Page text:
- Chloride: 96 – 106 mmol/L – can measure poisoning and alkalosis/acidosis (how well your pH is regulated in the body)
- CO2 (carbon dioxide): 20 to 29 mmol/L – measurement of metabolic function and pH balance (how basic, neutral or acid our blood is)
- Creatinine: 0.8 to 1.4 mg/dL – marker of kidney functioning
- Glucose test: 100 mg/dL – diabetes marker and measure of insulin functioning
- Potassium: 3.7 to 5.2 mEq/L – may be high/low because of medications and affects many organs in the body
- Sodium: 136 to 144 mEq/L – measures hydration status, is a marker for many disease states and balances the pressure on your artery walls
- Total bilirubin: 0.2 to 1.9 mg/dL – liver functioning marker
- Total protein: 6.3 to 7.9 g/dL – measure of infection and kidney/liver diseases
You’ll also get your cholesterol panel taken: this test measures the different fats in your blood. You need some fat in your blood for your body and organs to work, but doctors are specifically looking at the good fat and bad fats to make sure there is a balance in the ratio.
Just to be clear, this isn’t a ratio of fats in your diet – your body makes cholesterol in your liver and that process is influenced by your genetics, age, lifestyle and other factors. Too much bad fats (LDL and triglycerides) in your blood will make your arteries hard and can be responsible for heart disease and stroke. The good cholesterol (HDL) are responsible for undoing some of the damage from the bad cholesterol and support your body’s health.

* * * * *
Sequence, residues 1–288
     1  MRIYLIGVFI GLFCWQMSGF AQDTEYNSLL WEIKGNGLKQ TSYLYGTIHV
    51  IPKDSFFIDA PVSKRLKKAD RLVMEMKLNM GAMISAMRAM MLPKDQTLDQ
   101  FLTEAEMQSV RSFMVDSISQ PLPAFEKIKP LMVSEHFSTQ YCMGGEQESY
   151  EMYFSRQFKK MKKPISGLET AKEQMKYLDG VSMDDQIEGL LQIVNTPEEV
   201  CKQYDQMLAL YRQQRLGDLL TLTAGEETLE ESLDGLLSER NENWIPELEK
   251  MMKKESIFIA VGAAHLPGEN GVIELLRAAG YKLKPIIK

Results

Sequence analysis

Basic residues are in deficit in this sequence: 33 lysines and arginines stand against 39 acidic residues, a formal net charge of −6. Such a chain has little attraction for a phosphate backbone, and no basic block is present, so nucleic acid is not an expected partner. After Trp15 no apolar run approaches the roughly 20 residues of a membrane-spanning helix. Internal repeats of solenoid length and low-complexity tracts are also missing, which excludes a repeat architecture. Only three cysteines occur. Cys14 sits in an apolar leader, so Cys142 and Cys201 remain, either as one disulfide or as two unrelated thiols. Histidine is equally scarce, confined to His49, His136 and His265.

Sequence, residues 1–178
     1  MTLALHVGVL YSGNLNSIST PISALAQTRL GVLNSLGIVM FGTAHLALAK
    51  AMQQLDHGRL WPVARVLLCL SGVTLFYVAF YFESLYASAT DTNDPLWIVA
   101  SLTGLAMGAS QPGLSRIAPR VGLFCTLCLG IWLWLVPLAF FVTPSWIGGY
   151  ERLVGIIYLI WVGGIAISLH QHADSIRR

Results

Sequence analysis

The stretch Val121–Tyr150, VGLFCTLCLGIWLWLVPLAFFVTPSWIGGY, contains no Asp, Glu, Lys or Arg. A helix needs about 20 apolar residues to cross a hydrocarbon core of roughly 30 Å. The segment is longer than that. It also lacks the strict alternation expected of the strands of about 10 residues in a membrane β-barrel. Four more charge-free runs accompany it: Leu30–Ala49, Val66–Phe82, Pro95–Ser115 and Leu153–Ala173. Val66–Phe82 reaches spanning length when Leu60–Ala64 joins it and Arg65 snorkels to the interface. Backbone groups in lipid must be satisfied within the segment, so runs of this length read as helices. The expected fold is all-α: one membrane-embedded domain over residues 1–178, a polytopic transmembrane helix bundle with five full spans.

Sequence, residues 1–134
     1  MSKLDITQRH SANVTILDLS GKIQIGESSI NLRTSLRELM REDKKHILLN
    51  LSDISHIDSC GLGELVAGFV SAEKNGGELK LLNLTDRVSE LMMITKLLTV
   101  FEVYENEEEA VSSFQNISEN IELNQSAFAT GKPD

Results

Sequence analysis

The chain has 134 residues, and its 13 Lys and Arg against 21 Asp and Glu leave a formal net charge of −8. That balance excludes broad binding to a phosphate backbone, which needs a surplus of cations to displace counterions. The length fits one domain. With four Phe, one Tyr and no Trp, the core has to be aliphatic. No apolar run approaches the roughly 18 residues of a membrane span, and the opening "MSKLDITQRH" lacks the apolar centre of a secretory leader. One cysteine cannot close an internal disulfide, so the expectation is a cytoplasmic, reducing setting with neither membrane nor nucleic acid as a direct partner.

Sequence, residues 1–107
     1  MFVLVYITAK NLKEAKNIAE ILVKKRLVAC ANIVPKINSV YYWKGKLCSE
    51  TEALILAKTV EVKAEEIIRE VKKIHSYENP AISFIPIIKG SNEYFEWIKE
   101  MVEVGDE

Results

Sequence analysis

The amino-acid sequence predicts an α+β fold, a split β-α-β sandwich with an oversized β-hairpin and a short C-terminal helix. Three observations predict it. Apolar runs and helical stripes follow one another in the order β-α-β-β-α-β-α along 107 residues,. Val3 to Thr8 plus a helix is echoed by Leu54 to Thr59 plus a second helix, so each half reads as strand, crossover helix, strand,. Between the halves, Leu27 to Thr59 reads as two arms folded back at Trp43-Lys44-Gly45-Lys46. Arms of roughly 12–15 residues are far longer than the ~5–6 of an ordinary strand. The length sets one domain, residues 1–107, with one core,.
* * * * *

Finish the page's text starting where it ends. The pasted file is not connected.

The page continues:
- Total cholesterol: <200mg/dL – measure your combined LDL & HDL
- LDL cholesterol: <100 mg/dL is optimal – your “bad” cholesterol
- HDL cholesterol: >40-59 mg/dL (>60 considered protective against heart disease) – your “good” cholesterol
- Triglyceride: <150 mg/dL – measures a different kind of fat in the blood
- Cholesterol ratio: Divide HDL cholesterol into your total cholesterol. So, if your total cholesterol is 200mg/dL and your HDL cholesterol is 50 mg/dL, your cholesterol ratio is 4-to-1. According to the American Heart Association, the goal is to keep your cholesterol ratio under 5-to-1. The optimal ratio is 3.5-to-1. A higher ratio indicates a higher risk of heart disease; a lower ratio indicates a lower risk.